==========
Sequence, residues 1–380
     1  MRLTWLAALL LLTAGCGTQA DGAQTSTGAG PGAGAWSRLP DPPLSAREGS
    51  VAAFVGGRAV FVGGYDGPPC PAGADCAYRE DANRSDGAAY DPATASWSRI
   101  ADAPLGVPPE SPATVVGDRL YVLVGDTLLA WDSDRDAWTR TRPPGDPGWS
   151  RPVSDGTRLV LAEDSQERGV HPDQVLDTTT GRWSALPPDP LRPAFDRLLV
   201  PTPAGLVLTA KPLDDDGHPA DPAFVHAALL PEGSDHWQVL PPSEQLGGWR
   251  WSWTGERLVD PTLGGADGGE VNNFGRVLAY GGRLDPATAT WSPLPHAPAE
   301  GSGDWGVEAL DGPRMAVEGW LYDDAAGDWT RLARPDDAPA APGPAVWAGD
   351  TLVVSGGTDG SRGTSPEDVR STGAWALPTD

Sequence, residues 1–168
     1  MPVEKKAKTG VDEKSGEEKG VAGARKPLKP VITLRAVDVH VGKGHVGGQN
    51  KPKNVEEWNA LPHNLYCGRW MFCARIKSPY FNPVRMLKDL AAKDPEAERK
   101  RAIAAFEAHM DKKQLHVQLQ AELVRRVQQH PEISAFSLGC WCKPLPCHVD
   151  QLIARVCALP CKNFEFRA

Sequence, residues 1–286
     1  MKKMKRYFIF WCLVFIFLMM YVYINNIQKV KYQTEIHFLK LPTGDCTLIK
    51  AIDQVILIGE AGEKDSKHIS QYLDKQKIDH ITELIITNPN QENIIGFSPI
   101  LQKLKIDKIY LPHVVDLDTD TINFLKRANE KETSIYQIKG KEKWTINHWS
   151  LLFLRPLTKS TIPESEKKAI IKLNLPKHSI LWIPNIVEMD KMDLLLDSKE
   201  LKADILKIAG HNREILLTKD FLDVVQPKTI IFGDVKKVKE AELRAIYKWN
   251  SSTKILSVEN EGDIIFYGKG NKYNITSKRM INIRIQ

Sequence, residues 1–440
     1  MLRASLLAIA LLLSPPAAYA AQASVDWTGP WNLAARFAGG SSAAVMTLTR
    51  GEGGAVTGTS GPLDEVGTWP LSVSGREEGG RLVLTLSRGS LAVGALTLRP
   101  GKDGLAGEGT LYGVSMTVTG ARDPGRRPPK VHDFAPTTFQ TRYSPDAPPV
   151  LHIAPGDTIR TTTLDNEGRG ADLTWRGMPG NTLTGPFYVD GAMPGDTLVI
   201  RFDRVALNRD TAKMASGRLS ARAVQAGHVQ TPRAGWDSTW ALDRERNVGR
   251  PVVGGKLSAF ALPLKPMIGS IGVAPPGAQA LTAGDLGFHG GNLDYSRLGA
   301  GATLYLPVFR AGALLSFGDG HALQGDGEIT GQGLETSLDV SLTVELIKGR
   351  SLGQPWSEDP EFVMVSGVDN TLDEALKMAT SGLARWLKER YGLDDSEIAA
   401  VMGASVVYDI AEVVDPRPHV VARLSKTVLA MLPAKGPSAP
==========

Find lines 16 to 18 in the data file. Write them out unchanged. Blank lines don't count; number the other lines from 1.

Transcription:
     1  MKKMKRYFIF WCLVFIFLMM YVYINNIQKV KYQTEIHFLK LPTGDCTLIK
    51  AIDQVILIGE AGEKDSKHIS QYLDKQKIDH ITELIITNPN QENIIGFSPI
   101  LQKLKIDKIY LPHVVDLDTD TINFLKRANE KETSIYQIKG KEKWTINHWS